• Attack, critical miss: Swooshed clumsily, with bad results for you.
  • Attack, miss: Simply didn’t act, for want of initiative or an opening.
  • Attack, hit, defended: Blow hit enemy’s shield or weapon (block or armed parry), connected lightly but ineffectually (unarmed parry), or was ducked or sidestepped (dodge).
  • Attack, hit, not defended: Blow arrived faster than enemy’s reaction, and hit squarely.
  • Attack, critical hit: Blow caught enemy flat-footed – they simply didn’t act.


* One of the most common criticisms of GURPS is in the vein of, “Gee, how can an ordinary person swing a baseball bat at someone’s head and miss? But that’s what happens with -5 for the default penalty and -5 for the head, even with the +4 for Telegraphic Attack!” The obvious answer is, “They didn’t swing.”

Now, it’s very clear from his words that he’s talking about melee combat. One can even perhaps take it farther, and read “swing” as “thrust or swing,” or as “any sort of melee attack.”

So, before we dive in (or take a swing, perhaps?) at thinking about the suggestions, I want to wave my own flag a moment.

The Articles

One of the comments Sean makes speak directly to things I’ve addressed in Pyramid articles, in two different ways. The key bit is:

“It’s much more like a real fight if they’re only seeing and/or capitalizing on openings every few seconds. Save swooshing for critical failures.”

For ranged weapon attacks, this is handled with my article “On Target” from Pyramid #3/77. I won’t beat around the bush here: much like Fantastic Dungeon Grappling from Hall of Judgment (and its 5e cousin, Dungeon Grappling) the rules there – treating Aim as a skill roll with an effect roll after, just like an attack – is simply better than the basic rules. It’s a simple system, using the same attack roll/effect roll paradigm as regular hits, the variable effects avoid the worst of “metronome syndrome,” and the trade-off of uncertainty and reward for using it is very high. The end result for ranged attacks is that you can spend a variable amount of time aiming before you decide that the delay/reward trade-off meets your needs, with the off chance of both critical misses (“my aim was crap, but I shot/loosed the projectile anyway”) and critical successes (“my stance and motion was perfect, my sight picture flawless, and I can shoot instantly that turn with my aim bonus!”) make it an exciting way to reward mechanically what folks do in the real world. So for ranged attacks, On Target is your answer to the “every few seconds” thing.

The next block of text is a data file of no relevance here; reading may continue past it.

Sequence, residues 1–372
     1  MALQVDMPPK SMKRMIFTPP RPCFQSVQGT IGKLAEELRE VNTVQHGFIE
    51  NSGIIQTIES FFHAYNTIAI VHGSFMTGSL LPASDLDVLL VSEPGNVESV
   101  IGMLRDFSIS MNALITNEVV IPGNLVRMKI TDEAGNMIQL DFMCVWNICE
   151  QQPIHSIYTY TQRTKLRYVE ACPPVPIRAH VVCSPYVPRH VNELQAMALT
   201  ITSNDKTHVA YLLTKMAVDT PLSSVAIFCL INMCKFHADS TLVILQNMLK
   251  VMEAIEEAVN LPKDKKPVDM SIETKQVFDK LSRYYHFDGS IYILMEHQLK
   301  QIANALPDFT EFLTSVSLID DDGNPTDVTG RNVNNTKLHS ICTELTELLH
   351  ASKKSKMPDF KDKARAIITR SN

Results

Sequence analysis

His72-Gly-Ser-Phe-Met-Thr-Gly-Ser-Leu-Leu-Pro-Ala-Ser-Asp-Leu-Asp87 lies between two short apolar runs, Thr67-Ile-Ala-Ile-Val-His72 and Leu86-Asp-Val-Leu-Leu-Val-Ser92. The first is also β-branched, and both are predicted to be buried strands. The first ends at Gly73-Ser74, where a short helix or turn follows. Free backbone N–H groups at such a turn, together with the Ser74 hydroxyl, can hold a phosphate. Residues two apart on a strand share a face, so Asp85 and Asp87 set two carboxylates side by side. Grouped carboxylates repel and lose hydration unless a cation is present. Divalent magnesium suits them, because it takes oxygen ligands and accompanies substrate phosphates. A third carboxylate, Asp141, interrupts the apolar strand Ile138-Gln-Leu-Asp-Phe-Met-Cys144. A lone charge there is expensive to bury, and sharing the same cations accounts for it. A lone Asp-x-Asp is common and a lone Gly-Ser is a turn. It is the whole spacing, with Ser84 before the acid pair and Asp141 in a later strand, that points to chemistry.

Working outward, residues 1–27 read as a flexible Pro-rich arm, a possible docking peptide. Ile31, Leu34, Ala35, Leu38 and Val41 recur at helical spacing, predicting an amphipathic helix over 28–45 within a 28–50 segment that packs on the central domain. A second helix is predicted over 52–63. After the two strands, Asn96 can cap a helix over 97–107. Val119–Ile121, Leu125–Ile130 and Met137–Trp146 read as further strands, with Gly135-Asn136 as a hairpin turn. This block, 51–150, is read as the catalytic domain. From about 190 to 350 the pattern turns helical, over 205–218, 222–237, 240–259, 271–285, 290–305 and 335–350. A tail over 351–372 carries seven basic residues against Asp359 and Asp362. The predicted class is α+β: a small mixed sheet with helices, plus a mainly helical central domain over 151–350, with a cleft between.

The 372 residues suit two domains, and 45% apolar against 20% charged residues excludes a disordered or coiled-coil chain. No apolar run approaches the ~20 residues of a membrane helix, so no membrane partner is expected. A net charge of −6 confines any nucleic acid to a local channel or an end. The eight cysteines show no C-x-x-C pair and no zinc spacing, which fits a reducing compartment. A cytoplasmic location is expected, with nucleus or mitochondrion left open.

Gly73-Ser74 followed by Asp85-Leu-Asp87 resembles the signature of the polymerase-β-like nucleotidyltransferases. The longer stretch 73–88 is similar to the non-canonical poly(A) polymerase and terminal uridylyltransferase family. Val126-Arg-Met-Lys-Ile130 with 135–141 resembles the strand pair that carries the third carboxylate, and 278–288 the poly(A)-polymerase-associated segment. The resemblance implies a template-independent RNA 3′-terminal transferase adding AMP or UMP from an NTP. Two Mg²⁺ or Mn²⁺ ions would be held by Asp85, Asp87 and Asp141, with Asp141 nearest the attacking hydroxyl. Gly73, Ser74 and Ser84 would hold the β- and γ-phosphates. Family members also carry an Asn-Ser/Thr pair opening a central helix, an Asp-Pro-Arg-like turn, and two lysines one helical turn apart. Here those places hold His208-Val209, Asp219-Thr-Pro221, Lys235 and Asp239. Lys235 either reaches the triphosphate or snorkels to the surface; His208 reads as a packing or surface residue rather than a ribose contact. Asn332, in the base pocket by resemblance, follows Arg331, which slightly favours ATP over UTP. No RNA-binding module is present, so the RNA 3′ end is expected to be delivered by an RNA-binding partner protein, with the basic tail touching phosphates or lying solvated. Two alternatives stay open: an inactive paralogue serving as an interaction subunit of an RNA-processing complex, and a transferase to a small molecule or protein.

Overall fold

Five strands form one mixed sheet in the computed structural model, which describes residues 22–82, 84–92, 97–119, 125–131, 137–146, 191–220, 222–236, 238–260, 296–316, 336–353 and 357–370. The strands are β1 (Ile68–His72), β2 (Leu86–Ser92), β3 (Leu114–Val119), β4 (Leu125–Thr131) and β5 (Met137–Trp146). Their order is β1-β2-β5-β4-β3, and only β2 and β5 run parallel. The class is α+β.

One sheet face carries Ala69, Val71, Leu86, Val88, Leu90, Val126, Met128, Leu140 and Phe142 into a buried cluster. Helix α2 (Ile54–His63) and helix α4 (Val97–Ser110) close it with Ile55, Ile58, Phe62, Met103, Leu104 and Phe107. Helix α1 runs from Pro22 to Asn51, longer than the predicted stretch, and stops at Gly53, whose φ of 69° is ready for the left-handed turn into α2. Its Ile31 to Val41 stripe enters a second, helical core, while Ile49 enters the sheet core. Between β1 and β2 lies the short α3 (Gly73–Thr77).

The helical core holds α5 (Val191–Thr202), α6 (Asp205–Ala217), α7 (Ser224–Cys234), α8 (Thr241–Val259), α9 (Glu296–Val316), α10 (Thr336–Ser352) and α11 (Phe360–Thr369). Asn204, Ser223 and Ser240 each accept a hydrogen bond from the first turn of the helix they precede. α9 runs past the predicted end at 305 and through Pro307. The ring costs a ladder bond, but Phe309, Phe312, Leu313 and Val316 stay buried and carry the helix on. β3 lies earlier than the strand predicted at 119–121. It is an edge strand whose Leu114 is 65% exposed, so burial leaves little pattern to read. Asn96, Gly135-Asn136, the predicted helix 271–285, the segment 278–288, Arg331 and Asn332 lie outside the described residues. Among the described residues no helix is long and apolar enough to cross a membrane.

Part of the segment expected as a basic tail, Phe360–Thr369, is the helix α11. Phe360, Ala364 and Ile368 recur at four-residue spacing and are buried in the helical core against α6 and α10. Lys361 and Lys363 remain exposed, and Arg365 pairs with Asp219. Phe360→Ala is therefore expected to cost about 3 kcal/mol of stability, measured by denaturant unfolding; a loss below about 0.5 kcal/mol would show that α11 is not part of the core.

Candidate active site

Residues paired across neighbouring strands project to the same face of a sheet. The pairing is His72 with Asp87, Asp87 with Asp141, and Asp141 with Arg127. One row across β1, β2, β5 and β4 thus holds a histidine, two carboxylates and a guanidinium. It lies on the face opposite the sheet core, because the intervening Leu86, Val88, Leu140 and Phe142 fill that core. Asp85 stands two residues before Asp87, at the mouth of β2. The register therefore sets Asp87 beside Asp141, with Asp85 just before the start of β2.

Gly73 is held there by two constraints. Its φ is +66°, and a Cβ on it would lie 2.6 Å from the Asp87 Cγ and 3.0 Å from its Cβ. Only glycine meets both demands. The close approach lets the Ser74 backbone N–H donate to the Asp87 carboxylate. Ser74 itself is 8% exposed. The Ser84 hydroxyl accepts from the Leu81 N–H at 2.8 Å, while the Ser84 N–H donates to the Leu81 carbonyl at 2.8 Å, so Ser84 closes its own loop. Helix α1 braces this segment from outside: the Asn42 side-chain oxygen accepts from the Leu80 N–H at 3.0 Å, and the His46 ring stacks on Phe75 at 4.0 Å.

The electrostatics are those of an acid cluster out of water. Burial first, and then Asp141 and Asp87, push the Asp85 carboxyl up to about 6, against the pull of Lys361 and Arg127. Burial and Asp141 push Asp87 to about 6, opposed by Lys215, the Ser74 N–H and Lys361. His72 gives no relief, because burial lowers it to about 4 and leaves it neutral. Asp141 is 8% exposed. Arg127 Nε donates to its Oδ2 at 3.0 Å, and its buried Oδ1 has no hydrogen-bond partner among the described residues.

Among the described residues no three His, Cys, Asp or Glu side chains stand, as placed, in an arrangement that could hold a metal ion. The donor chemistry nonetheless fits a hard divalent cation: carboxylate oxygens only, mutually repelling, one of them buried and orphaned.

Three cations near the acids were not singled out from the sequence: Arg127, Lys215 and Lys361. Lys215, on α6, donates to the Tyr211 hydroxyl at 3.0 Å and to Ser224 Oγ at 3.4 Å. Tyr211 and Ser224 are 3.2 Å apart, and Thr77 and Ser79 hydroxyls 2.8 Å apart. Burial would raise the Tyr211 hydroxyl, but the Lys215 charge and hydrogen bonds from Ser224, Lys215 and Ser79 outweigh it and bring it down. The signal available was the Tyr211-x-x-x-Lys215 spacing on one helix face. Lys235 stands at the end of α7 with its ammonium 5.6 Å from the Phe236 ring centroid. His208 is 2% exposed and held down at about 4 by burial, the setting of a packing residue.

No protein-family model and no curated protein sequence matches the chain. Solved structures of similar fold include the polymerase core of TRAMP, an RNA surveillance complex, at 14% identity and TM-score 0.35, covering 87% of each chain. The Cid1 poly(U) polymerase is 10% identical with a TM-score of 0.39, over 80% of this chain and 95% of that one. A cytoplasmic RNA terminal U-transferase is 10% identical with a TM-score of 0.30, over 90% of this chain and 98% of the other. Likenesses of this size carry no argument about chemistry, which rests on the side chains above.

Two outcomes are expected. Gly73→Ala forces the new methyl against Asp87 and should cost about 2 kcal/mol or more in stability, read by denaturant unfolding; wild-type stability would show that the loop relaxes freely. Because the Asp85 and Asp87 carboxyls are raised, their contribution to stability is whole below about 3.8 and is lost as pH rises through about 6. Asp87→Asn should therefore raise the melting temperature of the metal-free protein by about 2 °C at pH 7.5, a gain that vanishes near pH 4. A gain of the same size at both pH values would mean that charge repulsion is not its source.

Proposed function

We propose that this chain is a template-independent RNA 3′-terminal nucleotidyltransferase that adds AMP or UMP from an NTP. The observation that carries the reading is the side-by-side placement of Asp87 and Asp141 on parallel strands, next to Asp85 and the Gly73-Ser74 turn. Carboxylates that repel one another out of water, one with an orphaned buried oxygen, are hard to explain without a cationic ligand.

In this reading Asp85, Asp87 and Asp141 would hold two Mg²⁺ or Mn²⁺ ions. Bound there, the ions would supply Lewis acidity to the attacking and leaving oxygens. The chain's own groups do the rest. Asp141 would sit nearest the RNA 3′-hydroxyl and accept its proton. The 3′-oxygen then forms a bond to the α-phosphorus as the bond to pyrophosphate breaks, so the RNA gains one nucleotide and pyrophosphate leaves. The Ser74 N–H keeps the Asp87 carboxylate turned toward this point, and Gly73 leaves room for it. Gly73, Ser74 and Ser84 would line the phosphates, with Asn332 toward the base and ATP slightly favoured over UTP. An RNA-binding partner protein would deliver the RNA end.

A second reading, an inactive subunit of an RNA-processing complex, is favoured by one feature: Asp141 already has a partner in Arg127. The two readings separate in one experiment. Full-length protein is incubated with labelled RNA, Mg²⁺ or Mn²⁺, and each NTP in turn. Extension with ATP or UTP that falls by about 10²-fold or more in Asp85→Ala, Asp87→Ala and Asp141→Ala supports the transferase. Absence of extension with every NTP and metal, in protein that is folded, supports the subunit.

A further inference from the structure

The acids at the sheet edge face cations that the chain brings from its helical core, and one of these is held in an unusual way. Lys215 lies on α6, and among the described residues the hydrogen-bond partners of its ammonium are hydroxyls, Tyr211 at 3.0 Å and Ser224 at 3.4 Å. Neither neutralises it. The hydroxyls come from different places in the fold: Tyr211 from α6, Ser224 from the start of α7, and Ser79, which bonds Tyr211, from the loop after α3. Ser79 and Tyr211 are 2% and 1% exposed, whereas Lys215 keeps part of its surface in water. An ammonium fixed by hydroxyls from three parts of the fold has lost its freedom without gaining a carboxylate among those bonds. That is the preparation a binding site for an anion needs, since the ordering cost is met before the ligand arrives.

For melee attacks, the lull and flurry behavior is the direct objective of The Last Gasp, whose Action Point and recovery rules invoke additional complexity in order to achieve that same goal for melee combat. Games that have used it in actual play have reported outstanding effects; those that avoid it just don’t wish to add more book-keeping to their games even on a theoretical/consideration level.

Both approaches/perspectives can be right, depending on your table.

Point is, GURPS gets it right – very right – when it comes to the theoretical and practical pace of furious combat, as one can see from my article  Technical Longsword: GURPS gets it right.